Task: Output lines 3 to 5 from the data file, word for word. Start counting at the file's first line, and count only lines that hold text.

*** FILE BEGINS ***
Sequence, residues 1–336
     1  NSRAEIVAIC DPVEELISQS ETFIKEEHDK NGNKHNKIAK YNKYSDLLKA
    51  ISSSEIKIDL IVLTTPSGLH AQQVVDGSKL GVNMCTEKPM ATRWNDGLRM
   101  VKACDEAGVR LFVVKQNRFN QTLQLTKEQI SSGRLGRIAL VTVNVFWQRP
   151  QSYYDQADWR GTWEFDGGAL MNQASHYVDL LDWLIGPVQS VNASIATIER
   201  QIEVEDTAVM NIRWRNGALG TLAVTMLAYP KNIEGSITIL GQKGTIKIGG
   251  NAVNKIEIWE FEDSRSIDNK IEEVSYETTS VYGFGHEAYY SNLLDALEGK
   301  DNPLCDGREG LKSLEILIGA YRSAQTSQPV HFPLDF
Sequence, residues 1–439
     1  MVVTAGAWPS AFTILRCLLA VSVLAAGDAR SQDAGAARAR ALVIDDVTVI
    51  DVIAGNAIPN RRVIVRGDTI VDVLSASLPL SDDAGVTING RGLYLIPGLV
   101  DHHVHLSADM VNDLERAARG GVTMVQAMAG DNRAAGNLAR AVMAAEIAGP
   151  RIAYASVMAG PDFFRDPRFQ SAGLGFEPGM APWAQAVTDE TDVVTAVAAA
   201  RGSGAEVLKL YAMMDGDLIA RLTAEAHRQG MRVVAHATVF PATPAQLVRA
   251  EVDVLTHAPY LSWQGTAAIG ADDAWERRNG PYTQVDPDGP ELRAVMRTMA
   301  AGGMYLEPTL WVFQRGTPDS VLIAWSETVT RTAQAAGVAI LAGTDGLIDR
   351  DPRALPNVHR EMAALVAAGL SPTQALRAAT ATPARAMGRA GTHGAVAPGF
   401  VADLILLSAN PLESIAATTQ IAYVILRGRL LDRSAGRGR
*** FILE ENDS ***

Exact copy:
    51  ISSSEIKIDL IVLTTPSGLH AQQVVDGSKL GVNMCTEKPM ATRWNDGLRM
   101  VKACDEAGVR LFVVKQNRFN QTLQLTKEQI SSGRLGRIAL VTVNVFWQRP
   151  QSYYDQADWR GTWEFDGGAL MNQASHYVDL LDWLIGPVQS VNASIATIER